And, of course, the whole episode raises once again the issue of orbital space debris. Galaxy-15 will likely end its days in one of the two great "garbage patches" in the sky.

These libration points, as they are known, are located at roughly 105 degrees West and 75 degrees East. They are gravitational "sweet-spots" where drifting objects will naturally coalesce.

The two libration points now contain more than 150 defunct satellites [395Kb PDF].

Satellite operators are urged to put their geostationary spacecraft in a "graveyard orbit" once their missions are complete. This usually means pushing the platforms even higher into the sky.

But of the 21 spacecraft which reached end of life in 2009, only 11 were disposed of in accordance with the Inter-Agency Space Debris Coordination Committee's (IADC) re-orbiting guidelines [99 Kb PDF].

We may all love our satellite TV, but we're starting to build a problem for ourselves.

Watch this space.

Small satellites keep up their oil watch

Jonathan Amos | 17:15 UK time, Friday, 21 May 2010

The Gulf oil slick is a situation where access to satellite data is absolutely essential to the strategy for dealing with the problem.

Leaving aside the maritime communications and navigation for a moment, it is the fleet of international Earth observers flying over the region that are providing the day-by-day update on the scale and movement of the spill.

As is normal in such cases, signatories to the International Charter [on] Space and Major Disasters have made their satellites available to the US authorities, to provide them with the space-borne data they need to manage the crisis.

DMC image of oil slick

In this instance, that means the National Oceanic and Atmospheric Administration (Noaa), and the USGS - the US Geological Survey.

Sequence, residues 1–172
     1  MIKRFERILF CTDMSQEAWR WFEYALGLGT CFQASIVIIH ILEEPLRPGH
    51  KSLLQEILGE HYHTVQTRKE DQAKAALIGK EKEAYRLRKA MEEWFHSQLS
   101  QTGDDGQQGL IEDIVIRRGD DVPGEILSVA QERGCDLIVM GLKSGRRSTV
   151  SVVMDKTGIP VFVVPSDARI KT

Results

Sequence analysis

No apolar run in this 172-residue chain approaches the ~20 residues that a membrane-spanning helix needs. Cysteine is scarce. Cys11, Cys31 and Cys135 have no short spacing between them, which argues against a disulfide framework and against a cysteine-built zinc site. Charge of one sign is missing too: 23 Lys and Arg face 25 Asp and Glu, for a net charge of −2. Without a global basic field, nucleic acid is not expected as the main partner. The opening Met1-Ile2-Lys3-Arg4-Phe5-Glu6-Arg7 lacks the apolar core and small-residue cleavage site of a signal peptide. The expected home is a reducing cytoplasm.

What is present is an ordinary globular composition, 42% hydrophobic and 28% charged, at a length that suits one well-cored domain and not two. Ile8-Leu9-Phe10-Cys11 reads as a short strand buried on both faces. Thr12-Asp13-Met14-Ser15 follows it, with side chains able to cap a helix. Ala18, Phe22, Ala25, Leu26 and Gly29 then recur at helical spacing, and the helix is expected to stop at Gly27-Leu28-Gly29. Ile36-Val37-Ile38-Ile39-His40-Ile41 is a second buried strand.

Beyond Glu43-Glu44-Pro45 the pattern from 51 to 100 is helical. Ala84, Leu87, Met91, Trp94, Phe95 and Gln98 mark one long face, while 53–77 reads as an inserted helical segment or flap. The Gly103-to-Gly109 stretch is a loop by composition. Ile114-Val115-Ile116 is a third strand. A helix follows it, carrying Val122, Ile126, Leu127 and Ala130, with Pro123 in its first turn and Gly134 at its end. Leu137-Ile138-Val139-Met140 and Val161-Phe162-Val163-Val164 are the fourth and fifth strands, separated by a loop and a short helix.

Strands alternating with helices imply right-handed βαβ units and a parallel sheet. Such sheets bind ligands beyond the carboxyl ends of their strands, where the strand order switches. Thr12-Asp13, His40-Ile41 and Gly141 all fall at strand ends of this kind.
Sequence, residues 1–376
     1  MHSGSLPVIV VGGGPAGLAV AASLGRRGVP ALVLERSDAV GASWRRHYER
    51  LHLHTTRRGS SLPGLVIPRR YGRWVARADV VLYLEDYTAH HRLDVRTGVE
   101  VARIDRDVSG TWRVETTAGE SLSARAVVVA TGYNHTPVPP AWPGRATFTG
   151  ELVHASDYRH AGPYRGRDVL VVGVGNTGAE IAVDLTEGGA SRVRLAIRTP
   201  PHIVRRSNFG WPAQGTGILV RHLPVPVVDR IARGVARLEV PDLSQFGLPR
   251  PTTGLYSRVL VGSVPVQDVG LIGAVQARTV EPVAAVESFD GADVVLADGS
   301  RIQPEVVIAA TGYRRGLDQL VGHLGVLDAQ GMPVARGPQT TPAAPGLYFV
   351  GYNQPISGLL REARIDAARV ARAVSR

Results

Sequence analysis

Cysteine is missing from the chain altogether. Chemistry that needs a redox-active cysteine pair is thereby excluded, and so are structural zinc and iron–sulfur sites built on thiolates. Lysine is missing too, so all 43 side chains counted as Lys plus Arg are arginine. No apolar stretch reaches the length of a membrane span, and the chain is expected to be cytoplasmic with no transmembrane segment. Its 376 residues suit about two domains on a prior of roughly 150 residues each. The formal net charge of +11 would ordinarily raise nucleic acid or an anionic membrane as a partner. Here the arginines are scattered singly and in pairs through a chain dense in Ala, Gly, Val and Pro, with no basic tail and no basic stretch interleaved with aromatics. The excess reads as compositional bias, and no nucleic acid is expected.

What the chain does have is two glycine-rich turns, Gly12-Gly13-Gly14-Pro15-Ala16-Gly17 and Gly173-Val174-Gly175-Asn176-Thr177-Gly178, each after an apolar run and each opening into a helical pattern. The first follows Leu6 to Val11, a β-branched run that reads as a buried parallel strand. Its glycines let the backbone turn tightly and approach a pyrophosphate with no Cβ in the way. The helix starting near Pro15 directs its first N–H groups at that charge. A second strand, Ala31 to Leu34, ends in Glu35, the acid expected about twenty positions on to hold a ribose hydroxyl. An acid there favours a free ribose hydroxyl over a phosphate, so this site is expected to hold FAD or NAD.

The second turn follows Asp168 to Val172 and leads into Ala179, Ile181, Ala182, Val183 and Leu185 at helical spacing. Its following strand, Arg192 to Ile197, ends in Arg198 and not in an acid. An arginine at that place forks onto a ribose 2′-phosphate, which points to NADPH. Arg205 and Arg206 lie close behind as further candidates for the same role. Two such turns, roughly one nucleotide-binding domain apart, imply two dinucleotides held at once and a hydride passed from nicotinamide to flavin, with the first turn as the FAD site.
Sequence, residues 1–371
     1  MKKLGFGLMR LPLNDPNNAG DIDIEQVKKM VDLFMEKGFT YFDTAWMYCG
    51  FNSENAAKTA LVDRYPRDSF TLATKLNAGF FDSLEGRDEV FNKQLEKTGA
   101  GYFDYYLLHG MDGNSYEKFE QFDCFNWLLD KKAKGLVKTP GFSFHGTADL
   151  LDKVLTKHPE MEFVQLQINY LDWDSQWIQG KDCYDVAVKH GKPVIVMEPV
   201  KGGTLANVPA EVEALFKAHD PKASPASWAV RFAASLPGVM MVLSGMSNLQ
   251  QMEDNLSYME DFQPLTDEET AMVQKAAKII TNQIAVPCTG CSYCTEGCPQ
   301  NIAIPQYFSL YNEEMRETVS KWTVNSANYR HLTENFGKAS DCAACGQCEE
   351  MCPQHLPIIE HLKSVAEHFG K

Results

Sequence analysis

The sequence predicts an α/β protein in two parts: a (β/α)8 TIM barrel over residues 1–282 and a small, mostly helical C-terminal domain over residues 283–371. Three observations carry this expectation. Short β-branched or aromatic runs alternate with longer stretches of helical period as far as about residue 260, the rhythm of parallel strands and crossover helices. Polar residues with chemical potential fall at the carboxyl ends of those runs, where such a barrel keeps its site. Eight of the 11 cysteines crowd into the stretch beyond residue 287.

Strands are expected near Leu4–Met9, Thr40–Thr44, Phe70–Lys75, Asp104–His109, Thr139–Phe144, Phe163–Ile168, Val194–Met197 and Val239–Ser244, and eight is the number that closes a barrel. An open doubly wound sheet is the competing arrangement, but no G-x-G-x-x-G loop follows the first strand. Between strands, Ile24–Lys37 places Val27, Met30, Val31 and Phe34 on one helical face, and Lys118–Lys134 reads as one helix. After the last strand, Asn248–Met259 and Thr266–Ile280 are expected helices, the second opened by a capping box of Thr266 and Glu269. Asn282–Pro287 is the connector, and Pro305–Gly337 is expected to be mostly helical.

Indeed, it was the USGS that triggered the charter on this occasion on behalf of the US Coast Guard. It was the 17th activation of 2010. There have been two further activations since the Deepwater Horizon rig caught fire on 21 April (GMT).

It's not clear how much oil has gushed free. It's at least 23 million litres, more than half the amount the Exxon Valdez tanker spilled in Alaska in 1989; Noaa and other experts believe it's actually substantially more than that.

Radar satellites like Europe's mighty Envisat platform have been especially useful in tracking the spill. Radar sees through cloud and works day and night.

More than that though, the presence of oil in the water works to flatten the surface somewhat and radar can sense this effect.

Radar image of oil spill

It was data from Envisat this week which suggested the oil had now entered the so-called Loop Current, a powerful conveyor belt that flows clockwise around the Gulf of Mexico towards Florida. The obvious worry here is that the pollution could now travel much further afield, even up around Florida and up the eastern seaboard.

This is not to say satellites that view the Earth at other wavelengths, in the infrared and optical, have not been playing their part.

The UK's contribution in this area has, in large part, been exercised through the Disaster Monitoring Constellation (DMC) which is managed from Guildford.

The DMC consists of six small imaging satellites that see the planet at resolutions between 4m and 32m, across an ultra-wide 600km-plus swath.

The constellation's strength is its fast return over one location. Clouds permitting, the sextet can build a map the size of Europe in just five days.

The DMC knows the Gulf region very well, having provided important flooding data in the aftermath of Hurricane Katrina in 2005.

DMC image of New Orleans after Katrina